The Style File Daily Cheat Sheet

(wwd)Lanvin to Open First New York Store

“We’re the last designer house in the world that didn’t have a store in New York,” said Lanvin designer Alber Elbaz. And now it has one. Lanvin is poised to open at the end of the week its first location here at 815 Madison Avenue near 68th Street. The store will occupy 3,550 square feet and the first three floors of a 6,875-square-foot, five-story town house. The two upper floors will become the company’s corporate headquarters in September. “It’s about time,” Elbaz said by phone from France. “It took us four years to put it together. We’re really slow. I can’t tell you how proud I am” that the store is opening.  The designer said the raw space dictated in part what the finished store would look like. “I’m not very flagship oriented,” he said. “We don’t take a concept that we opened in Paris or Tokyo [and replicate it]. We have to go with the structure of the store and the architecture. Sometimes when I work with a fabric it has a mind of its own. I have to listen to the fabrics. Some are very stubborn. The easiest thing is to do a white box.”  Lanvin’s flagship is definitely not a white box. In the main display window, Schläppi mannequins, their white faces painted with red cupid’s-bow lips, hold birdcages. The ground floor resembles a residential apartment from the Twenties, the decade when the house’s founder, Jeanne-Marie Lanvin, was at the height of her career. read more

(the cut) Six Things We Learned From Diane Von Furstenberg’s TimesTalk

Diane Von Furstenberg has been in the biz since "antiquity," she joked during last night's TimesTalks panel, which also featured Norma Kamali, Prabal Gurung, and Fern Mallis. And though she knows a thing or two about timelessness, as evidenced by her ever-popular wrap dresses, she also works hard to keep abreast of current social happenings (Twitter) and Next Big Things (China, for one). Best of all, she's never stingy with her two cents. Click ahead to read six pieces of wisdom gleaned straight from the D to the V to the F.

1. Leopard print will never go out of style.

2. Be careful with Twitter, lest you offend the Spanish government.

3. Fashion would exist with or without designers.

4. Soon, China will be buying our products.

5. She's kind of over talking about wrap dresses, but it's cool that women still wear them. Especially when women wear them and get jobs or get laid.

6. You don't need a signature look to survive in the industry.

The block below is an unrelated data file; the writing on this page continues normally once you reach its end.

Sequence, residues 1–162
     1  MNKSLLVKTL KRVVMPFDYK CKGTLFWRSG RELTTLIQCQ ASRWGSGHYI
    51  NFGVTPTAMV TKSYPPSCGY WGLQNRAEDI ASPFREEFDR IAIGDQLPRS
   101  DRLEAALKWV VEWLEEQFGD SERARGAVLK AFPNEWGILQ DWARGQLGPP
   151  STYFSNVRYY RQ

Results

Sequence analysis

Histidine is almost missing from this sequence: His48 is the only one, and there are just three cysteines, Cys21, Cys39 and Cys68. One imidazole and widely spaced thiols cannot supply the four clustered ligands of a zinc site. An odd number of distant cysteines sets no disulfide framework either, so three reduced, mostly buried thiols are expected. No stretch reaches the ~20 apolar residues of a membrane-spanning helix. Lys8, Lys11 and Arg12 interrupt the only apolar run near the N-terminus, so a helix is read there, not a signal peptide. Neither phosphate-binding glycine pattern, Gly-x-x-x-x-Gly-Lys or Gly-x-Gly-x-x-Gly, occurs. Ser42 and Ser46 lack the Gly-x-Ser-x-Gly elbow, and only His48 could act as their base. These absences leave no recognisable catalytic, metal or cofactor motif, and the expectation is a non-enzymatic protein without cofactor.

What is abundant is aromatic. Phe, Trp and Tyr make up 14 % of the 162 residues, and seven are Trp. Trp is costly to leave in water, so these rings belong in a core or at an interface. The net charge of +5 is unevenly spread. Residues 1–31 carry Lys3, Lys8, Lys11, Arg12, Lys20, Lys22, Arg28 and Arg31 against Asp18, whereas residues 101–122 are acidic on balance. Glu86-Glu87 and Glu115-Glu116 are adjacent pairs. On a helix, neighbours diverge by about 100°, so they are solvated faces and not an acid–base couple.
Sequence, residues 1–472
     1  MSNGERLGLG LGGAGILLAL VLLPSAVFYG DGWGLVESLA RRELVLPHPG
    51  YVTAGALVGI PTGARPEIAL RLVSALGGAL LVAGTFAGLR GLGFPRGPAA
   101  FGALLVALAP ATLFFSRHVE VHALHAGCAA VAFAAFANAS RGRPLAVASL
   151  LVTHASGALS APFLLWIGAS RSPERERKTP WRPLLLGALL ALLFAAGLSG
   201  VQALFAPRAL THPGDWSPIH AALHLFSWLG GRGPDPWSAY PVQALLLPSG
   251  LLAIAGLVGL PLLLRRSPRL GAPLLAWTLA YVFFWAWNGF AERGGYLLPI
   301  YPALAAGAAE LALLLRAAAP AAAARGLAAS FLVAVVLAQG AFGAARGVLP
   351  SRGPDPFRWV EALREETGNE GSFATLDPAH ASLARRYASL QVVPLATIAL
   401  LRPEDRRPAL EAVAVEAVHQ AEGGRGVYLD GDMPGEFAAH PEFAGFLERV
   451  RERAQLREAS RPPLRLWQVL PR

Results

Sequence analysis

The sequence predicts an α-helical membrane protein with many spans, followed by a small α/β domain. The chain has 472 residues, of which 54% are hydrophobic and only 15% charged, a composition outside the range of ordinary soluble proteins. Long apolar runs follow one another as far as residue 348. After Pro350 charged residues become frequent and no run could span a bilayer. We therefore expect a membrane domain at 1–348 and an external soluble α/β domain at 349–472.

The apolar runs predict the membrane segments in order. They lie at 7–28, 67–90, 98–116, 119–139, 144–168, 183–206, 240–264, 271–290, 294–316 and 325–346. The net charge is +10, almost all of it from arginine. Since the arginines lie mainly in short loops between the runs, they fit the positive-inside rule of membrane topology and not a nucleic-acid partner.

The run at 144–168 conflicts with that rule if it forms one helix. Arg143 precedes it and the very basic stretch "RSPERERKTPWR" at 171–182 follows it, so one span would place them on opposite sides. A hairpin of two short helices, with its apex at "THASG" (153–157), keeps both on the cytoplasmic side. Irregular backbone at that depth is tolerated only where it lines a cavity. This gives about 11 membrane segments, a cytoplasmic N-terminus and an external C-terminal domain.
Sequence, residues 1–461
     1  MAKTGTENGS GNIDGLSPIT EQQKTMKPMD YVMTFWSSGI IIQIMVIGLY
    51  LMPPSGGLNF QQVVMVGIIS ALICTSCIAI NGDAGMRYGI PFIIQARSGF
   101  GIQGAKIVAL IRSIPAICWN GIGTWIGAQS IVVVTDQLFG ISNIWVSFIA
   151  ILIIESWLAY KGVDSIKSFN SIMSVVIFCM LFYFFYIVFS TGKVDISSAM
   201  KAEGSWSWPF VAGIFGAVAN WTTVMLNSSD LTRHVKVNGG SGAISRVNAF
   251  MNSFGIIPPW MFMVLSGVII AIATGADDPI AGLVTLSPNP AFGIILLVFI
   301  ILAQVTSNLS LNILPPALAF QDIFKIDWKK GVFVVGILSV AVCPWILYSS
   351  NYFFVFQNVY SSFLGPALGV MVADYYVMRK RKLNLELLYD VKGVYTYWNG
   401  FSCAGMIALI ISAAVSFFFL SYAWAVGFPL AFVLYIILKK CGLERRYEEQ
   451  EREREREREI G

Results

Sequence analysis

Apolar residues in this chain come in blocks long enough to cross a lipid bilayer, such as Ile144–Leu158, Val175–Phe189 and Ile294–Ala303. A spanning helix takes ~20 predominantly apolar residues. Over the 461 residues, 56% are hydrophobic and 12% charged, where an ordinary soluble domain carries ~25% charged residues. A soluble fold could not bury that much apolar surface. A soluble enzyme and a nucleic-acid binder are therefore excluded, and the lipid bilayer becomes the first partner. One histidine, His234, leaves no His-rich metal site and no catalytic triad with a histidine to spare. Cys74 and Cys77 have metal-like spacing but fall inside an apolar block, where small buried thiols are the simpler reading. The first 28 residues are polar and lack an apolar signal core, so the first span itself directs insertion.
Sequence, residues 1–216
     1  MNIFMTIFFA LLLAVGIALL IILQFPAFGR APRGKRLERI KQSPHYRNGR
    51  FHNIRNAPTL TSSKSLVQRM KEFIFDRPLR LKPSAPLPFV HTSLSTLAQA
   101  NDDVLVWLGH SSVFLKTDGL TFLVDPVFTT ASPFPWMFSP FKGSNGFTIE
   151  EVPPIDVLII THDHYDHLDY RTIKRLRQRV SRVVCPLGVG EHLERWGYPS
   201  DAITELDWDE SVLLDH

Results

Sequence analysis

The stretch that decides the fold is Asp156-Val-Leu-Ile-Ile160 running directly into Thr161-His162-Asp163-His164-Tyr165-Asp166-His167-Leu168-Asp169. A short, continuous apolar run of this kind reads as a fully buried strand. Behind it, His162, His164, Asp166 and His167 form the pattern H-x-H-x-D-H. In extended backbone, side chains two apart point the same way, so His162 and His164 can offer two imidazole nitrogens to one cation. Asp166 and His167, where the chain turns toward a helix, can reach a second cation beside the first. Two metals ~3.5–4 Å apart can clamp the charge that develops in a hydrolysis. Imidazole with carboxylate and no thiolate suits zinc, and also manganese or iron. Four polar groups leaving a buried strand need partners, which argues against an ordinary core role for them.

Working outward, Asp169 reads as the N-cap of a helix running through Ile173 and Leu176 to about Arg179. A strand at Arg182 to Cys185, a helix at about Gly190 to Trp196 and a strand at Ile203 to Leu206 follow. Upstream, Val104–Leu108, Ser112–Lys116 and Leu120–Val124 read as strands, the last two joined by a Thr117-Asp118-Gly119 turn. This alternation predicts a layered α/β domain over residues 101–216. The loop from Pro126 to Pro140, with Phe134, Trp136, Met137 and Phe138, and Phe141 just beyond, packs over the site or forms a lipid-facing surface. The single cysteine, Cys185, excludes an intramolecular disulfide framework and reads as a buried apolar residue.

click to read what DVF said about each.

(wwd)TJX Canadian Push

The TJX Cos. Inc. said Tuesday that it will open its first Marshalls store in Canada in the spring as part of a six-unit rollout in the country next year. Like TJX’s Winners, HomeSense and StyleSense nameplates, the Marshalls stores will be managed by the company’s TJX Canada group. Carol Meyrowitz, president and chief executive officer of Framingham, Mass.-based TJX, said TJX Canada provides the company “our highest financial returns” and estimated the country could ultimately support 90 to 100 Marshalls units. No specific locations for the Marshalls stores were disclosed. In the U.S., Marshalls is part of the Marmaxx Group and operates 819 off-price units in 42 states and Puerto Rico. TJX entered the Canadian market through its 1990 acquisition of Winners, which has 208 stores in Canada. Last year, TJX’s sales rose 6.8 percent to $20.29 billion.

(wsj)Wal-Mart Is Sued Over Care

Wal-Mart Stores Inc. is facing a potentially costly legal challenge in Colorado, where a class-action lawsuit accuses the world's largest retailer of conspiring to limit medical care for injured employees in a bid to save money. The lawsuit alleges that Wal-Mart broke state and federal laws by using a subsidiary to control the treatment for employees with workplace injuries. Wal-Mart sent the injured workers to clinics run by Concentra Inc., which operates 300 medical centers and 250 workplace clinics in 40 states. The suit, filed last year in the U.S. District Court for Colorado on behalf of roughly 7,000 current and former Wal-Mart employees in the state, accuses Wal-Mart, Concentra and insurer American Home Assurance Co., part of American International Group Inc., of conspiring to violate a Colorado worker's compensation law that bars companies from dictating medical care for workers hurt on the job. Lawyers for Wal-Mart, Concentra and American Home deny the allegations. "The health and wellness of our associates is important to Wal-Mart, and we want our associates to get the best treatment and care," said Wal-Mart spokesman Greg Rossiter. Lawyers for the Wal-Mart employees suggested the retailer could face similar legal action in other states, such as New York, Texas, Wisconsin, Arizona, Iowa, and Oklahoma, which likewise bar companies from dictating injured workers' care. "The motivation here is clearly to save Wal-Mart money," said Solomon B. Cera, a San Francisco attorney on the legal team representing the plaintiffs. In Colorado, like other states, the law gives employees with on-the-job injuries the right to file medical-care claims against their employer. Most companies carry insurance policies to pay such claims. Wal-Mart is self- insured in much of the U.S., but uses American Home as its carrier in Colorado. Employers have the right to choose the doctors injured employers see, but Colorado requires them to pay for all "reasonable and necessary" treatment their designated doctors recommend, and to refrain from interfering with physician's care decisions. The state is the referee in any dispute. read more